Faint star that suddenly erupts in brightness by 10,000 times or more, remains bright for a few days, and then fades away and is not seen again for very many years, if at all. Novae are believed to occur in close binary star systems, where gas from one star flows to a companion white dwarf. The gas ignites and is thrown off in an explosion at speeds of 1,500 kps/930 mps or more. Unlike a supernova, the star is not completely disrupted by the outburst. After a few weeks or months it subsides to its previous state; it may erupt many more times.
Although the name comes from the Latin ‘new’, photographic records show that such stars are not really new, but are faint stars undergoing an outburst of radiation that temporarily gives them an absolute magnitude in the range −6 to −10, at least 100,000 times brighter than the Sun. They fade away, rapidly at first and then more slowly over several years. Two or three such stars are detected in our Galaxy each year, but on average one is sufficiently close to us to become a naked-eye object only about once in ten years. Novae very similar to those appearing in our own Galaxy have also been observed in other galaxies.
Named novae Novae are named according to the constellation and year in which they appear. Bright ones that have been intensively studied spectroscopically include nova Persei 1901, nova Geminorum 1912, nova Aquilae 1918 (which became almost as bright as Sirius), nova Pictoris 1925, nova Herculis 1934, nova Puppis 1942, and nova Cygni 1975. This last was first seen on 29 August, with a magnitude of 3.0. By 31 August it had attained its maximum brightness of 1.8, which it retained for a day, and it was below naked-eye visibility by 5 September. The star had evidently been fainter than photographic magnitude 21 in 1950, as it does not show on the Palomar charts. No subsequent novae have equalled the apparent brightness of nova Cygni 1975.
The phenomenon The rate of increase in brightness, the absolute magnitude, and the rate of fading differ from nova to nova, but spectroscopic observations indicate that the phenomenon in each case is essentially the same. The star blows off its outer shell with velocities of ejection of the order of 1,500 kps/930 mps, the total mass of the shell being about 1/10,000–1/100,000 that of the Sun. The growing shell initially behaves like the photosphere of a supergiant, and pours out rapidly increasing amounts of white light. As the expansion continues, however, it grows more and more diffuse so that conditions in it become more like those in a gaseous nebula. The continuous spectrum fades, leaving mainly a mixture of monochromatic radiations that decay much more slowly.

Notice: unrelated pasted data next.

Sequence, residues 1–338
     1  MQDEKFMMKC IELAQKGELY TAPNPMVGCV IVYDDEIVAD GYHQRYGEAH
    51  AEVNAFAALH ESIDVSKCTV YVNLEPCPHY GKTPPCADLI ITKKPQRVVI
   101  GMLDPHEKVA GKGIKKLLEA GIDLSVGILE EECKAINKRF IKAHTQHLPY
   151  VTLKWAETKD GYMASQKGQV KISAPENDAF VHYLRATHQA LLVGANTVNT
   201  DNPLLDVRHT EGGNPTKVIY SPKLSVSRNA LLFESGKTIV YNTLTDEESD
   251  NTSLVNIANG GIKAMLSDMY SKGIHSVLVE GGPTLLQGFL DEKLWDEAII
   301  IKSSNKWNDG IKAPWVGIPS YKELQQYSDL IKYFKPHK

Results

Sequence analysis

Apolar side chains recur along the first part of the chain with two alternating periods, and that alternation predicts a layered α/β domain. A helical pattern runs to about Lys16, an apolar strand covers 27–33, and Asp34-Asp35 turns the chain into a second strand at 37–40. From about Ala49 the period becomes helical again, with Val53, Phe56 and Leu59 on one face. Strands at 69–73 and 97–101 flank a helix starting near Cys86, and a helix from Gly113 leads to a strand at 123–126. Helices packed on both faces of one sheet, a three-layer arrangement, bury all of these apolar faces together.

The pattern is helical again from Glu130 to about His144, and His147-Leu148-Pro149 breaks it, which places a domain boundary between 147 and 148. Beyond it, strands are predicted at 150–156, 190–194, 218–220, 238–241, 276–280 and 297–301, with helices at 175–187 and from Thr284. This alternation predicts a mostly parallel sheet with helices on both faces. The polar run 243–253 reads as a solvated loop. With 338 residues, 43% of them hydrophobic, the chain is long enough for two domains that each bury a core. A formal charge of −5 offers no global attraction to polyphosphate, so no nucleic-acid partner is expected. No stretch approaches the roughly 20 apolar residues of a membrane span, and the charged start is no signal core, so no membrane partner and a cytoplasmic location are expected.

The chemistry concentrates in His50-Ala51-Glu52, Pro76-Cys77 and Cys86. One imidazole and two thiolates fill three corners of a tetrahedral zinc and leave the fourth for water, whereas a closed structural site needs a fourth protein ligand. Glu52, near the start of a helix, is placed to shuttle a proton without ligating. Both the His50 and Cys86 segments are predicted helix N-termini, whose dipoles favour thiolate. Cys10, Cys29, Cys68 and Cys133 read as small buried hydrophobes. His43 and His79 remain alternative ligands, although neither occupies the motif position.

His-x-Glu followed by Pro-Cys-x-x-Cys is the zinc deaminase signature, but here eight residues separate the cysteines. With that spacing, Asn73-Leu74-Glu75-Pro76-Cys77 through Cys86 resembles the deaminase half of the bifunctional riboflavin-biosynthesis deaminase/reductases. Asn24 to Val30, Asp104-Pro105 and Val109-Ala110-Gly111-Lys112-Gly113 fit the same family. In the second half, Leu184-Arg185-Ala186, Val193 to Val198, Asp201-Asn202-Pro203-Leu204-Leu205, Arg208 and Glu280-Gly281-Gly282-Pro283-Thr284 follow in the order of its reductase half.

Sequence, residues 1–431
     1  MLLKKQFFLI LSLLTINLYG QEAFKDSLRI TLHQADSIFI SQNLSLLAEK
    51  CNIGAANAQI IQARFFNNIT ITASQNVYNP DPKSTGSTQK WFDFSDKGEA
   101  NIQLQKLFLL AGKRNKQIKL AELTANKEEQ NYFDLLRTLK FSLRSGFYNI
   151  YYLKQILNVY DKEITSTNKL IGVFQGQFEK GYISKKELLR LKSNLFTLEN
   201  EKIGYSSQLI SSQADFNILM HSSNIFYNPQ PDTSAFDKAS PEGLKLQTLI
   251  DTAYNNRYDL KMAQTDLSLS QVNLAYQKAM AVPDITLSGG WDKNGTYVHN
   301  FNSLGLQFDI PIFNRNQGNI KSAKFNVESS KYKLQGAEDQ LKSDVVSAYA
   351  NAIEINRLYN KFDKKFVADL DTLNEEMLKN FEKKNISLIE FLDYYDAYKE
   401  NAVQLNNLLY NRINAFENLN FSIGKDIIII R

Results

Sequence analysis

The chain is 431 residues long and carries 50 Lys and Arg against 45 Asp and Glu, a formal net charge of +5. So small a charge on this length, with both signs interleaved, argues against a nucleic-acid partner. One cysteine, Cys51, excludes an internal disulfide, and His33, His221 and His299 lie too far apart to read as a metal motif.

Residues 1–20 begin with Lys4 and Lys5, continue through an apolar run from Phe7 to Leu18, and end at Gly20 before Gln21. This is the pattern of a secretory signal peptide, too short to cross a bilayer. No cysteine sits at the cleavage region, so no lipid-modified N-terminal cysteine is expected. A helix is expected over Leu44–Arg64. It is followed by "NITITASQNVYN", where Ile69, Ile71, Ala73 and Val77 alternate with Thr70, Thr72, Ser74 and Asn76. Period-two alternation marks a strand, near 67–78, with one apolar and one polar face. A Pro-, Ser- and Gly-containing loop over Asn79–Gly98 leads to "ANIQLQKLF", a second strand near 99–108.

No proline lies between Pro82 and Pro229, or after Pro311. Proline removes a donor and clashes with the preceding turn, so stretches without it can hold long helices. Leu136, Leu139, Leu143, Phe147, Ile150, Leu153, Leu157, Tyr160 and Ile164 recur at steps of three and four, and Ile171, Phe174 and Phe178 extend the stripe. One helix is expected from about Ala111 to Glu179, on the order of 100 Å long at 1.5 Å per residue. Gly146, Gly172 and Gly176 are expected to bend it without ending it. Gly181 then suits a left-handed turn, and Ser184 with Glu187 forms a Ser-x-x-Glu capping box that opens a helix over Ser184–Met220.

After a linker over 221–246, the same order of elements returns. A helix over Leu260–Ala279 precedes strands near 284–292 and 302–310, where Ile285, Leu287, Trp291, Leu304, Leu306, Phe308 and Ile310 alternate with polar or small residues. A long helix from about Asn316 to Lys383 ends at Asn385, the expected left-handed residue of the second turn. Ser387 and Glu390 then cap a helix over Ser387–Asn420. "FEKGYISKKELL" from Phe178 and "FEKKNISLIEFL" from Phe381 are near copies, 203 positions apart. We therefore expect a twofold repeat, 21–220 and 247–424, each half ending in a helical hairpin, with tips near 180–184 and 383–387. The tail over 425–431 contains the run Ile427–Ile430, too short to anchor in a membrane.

Theory Many novae have been found to be members of close binary systems, and it has consequently been hypothesized that the stars subject to a nova outburst are close binaries that have evolved so far that the initially larger member has already become a white dwarf, while the other one is in its red giant phase. As the outer layers of the red giant swell out beyond the Lagrangian surface, some of the material is attracted to the white dwarf, where the surface gravity is so high that the extra matter produces a sufficient rise in the pressure and temperature to start proton–proton reactions in the hydrogen still remaining in the outer layers. The energy thus suddenly released ejects the surface layer into space so that the remainder can relapse to its former white-dwarf state. This theory implies that the same system may suffer several nova outbursts, and this does seem to be the case: there are a number of stars, the so-called recurrent novae, for which more than one such outburst has been observed.